The balance is then spent (in theory) on the best solutions to resolve the various transport problems of congestion, safety, environmental impacts, etc. However, no-one said that the best solution was necessarily one based on who contributed the most for it. For example, the most cost-effective solution to dealing with congestion somewhere may be to provide good cycling alternatives, rather than increase road capacity for motor vehicles.

OK, where does the money come from? A large chunk of the transport money comes from petrol taxes, road user charges (what truckies pay), and motor vehicle registration fees. There’s also a small but growing amount coming from general taxation (e.g. anything you buy with GST on it) – update: and the new $100 million Urban Cycleways Fund is completely funded by general taxes, not road revenue. However, when it comes to local roads (where most people cycle) about 50% is paid for by local Council rates (in larger places like Christchurch, the proportion is typically a bit higher). In other words, anyone who owns or rents a home (i.e. most adults and by implication their dependants) is contributing to the transport provision in their area. Most cycling infrastructure costs considerably less than half the cost/km of equivalent motor vehicle infrastructure, so I think that even those who don’t cycle are getting a pretty good deal out of that.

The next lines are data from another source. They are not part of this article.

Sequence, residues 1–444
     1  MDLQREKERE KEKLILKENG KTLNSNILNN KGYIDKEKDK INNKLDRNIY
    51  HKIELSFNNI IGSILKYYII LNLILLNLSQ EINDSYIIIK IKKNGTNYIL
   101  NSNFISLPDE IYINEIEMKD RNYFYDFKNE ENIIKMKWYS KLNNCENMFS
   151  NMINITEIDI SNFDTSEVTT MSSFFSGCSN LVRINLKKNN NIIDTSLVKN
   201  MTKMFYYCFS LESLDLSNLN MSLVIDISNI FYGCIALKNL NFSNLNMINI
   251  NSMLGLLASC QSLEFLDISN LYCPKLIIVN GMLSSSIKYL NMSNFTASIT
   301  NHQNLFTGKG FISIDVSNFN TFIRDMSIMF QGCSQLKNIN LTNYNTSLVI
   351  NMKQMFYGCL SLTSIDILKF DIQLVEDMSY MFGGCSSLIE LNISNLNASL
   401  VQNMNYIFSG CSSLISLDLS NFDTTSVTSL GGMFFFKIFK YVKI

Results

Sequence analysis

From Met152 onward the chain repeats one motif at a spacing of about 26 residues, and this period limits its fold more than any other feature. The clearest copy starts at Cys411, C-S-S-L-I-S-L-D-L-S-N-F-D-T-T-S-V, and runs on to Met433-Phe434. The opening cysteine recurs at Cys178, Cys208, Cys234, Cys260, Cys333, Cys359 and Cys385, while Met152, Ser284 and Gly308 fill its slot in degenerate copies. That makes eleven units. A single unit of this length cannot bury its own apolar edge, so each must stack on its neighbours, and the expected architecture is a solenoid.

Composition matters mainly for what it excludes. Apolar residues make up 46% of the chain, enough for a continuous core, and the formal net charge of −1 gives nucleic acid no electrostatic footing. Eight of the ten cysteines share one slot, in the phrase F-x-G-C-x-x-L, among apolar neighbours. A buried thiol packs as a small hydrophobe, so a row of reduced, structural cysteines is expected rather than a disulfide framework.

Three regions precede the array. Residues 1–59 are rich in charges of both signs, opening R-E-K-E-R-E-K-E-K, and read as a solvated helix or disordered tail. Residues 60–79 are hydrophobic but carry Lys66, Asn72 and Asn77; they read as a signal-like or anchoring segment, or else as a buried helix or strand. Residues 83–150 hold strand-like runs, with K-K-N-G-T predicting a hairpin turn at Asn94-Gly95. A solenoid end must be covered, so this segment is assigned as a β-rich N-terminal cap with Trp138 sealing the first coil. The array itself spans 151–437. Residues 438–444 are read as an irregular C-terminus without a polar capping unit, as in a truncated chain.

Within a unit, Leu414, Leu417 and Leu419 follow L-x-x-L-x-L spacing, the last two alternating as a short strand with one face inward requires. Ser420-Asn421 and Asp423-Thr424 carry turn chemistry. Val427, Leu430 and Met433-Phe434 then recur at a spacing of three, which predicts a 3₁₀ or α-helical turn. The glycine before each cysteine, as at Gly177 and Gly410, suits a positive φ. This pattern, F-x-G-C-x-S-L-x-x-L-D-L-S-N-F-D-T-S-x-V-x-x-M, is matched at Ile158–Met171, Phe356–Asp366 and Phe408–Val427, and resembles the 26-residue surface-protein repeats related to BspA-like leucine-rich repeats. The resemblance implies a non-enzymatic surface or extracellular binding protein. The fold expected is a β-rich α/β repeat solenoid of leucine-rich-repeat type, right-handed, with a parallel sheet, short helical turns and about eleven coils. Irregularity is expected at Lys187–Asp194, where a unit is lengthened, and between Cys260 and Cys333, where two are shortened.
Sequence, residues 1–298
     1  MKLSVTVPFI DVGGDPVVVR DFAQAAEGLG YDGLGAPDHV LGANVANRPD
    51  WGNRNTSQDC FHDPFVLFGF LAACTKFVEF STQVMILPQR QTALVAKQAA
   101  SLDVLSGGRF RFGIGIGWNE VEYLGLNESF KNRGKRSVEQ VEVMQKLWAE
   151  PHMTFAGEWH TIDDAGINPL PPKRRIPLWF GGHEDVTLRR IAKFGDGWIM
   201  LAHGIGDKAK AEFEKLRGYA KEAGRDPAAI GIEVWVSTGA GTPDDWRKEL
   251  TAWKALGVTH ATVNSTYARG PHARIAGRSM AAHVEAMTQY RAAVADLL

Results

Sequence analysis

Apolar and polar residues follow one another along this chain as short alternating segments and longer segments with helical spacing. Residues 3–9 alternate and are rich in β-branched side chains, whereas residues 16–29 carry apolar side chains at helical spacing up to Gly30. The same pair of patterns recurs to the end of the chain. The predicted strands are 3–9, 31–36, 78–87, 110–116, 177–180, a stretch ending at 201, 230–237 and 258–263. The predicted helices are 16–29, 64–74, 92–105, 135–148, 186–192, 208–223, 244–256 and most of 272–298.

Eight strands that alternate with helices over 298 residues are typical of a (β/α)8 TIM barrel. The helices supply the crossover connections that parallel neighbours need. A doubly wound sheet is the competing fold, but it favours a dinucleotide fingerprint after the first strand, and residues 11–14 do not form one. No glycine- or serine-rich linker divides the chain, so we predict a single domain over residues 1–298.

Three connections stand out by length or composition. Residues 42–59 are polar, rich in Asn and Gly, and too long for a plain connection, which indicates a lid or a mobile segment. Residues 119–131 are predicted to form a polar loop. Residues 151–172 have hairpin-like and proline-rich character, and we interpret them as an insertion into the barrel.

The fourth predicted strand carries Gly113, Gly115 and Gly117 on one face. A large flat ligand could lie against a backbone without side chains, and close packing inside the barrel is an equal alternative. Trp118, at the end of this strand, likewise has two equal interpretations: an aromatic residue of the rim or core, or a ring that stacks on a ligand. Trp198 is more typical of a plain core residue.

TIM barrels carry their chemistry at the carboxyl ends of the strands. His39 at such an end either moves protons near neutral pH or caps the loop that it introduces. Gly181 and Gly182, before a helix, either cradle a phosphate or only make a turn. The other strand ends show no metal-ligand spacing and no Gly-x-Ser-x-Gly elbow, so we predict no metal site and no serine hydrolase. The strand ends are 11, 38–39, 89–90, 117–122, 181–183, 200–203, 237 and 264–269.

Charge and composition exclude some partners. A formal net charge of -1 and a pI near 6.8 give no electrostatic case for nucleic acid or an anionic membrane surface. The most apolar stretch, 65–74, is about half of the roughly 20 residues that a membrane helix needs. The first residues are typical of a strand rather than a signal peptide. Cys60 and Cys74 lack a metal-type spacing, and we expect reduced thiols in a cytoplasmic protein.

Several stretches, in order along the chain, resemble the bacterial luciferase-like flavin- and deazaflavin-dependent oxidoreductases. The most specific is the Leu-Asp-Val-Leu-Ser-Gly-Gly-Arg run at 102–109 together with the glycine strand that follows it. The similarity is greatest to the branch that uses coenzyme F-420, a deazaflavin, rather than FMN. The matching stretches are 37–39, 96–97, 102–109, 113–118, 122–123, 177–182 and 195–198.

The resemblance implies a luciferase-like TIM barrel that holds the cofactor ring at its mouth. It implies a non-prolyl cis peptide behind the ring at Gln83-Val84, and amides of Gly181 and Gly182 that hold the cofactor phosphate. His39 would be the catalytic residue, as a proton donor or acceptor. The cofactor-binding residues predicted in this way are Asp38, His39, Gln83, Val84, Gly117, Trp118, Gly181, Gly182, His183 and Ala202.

I’ve heard a number of people use this argument: “as well as a bike I also own a car, therefore I do contribute to transport costs for cycling.” Well, it’s partly correct… remember that a large chunk of your petrol dollars are simply going towards fixing the roads that you damage by driving around. However, probably like me (also a car owner), you feel that a greater proportion of the balance should be spent on non-motor vehicle solutions to congestion, safety, etc, and that’s a perfectly valid viewpoint.

Now, what about ACC? Well, cycling injuries are covered by either Earner Levies (paid for by everyone who works) or the Govt’s Non-Earner Account (paid for by general taxation). So if you are working or paying GST, you are already contributing to the treatment costs for you and your dependants. So why do motorists have to pay an additional levy? Because they cost a lot more – on-road cycling accidents cost ACC ~ $10 million/year compared with >$350 million/year for motorists.